This is my grandfather’s watch. It’s the kind of watch that was given out by his employer after decades on the job being a valuable part of the company. He gave it to me before he passed away; before he was really terminally ill as I recall. I’ve never really thought that much about what he wanted me to think about when he took me aside and told me that he wanted me to have it. He loved all of us and I believe he wanted to have it as a a piece of continuity for us once he was gone.
When I was around sixteen, I didn’t really have much use for it. It did help me remember him and the time I spent with him. Of family vacations, get togethers, and special occasions he was a part of. But that’s really the extent of it. I wasn’t going to take it to college for fear of anything happening to it but I did wear it when I dressed up for holidays or big events. When I got married in my early twenties, it seemed natural to wear it then.
Later, I decided that I wanted the watch to be a common thread in events like that. I’d wear it again at holidays and at ceremonies when my sons were born. Then, when we had more occasions, I wanted the rest of my family to be a part of it as well. My brother wore it at his wedding, my oldest son wore it at his bar mitzvah, and my younger son recently wore it at his own bar mitzvah. My brother knows the significance and I explained it to my older son. With my younger son I felt I needed to go a bit beyond the mention that I made of it. The situation with my father’s – his grandfather’s – dementia meant that he wasn’t going to be a part of the ceremony.
What I decided to do was to blend my own tradition with one of my mother-in-law’s. For years, she’s always taken a moment when we’re together to toast absent family members. That’s always been more as a sign of her respect and love for her parents and grandparents. The word “absent” was certainly expanded this time since my dad (and my uncle) wasn’t physically there and really wouldn’t have been mentally even if he were in the building. Prior to some words for my son I made the toast and connected the two customs.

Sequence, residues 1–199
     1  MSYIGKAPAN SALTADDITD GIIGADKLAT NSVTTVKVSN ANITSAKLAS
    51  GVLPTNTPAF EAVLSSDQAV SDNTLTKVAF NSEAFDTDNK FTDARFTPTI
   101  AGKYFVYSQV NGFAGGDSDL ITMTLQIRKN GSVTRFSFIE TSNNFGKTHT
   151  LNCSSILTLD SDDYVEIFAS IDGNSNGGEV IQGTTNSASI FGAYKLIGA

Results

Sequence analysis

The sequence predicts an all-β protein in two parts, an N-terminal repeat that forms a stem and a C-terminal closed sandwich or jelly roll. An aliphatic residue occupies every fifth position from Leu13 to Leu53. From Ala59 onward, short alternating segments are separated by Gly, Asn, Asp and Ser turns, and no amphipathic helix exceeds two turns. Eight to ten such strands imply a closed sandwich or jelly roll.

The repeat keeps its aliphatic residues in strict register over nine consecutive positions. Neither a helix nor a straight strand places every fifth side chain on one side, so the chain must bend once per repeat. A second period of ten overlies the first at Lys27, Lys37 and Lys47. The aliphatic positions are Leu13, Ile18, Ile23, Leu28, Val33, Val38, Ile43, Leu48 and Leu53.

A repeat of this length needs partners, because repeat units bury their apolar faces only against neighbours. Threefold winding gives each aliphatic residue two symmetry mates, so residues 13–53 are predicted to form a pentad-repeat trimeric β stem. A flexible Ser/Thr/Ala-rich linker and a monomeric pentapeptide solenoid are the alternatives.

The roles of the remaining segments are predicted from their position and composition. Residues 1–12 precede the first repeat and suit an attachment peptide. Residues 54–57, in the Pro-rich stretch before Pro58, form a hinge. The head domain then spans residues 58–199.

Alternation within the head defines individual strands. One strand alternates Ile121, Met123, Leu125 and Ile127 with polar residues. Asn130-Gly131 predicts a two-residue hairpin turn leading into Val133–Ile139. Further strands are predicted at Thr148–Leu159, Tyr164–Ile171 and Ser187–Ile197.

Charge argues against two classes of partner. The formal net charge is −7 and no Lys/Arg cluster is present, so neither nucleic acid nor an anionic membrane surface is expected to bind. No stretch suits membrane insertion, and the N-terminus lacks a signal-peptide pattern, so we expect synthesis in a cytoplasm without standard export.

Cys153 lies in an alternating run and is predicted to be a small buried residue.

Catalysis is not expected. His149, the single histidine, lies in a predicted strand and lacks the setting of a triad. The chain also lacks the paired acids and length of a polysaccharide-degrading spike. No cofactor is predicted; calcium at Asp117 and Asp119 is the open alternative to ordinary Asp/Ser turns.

What I’m really trying to do is extend my grandfather’s legacy into my own and create something meaningful. I go more into what I consider a legacy to be here. I feel that it created a richer experience to the event. The watch becomes a symbol of our family’s shared history and our dedication to each other. It’s easy to have the party after an event link a bar mitzvah, wedding, or the like overshadow the event itself. The party takes more planning, lasts longer, and probably costs more as well. While everyone loves a good party, it means more if you use it to really celebrate what you’re there for.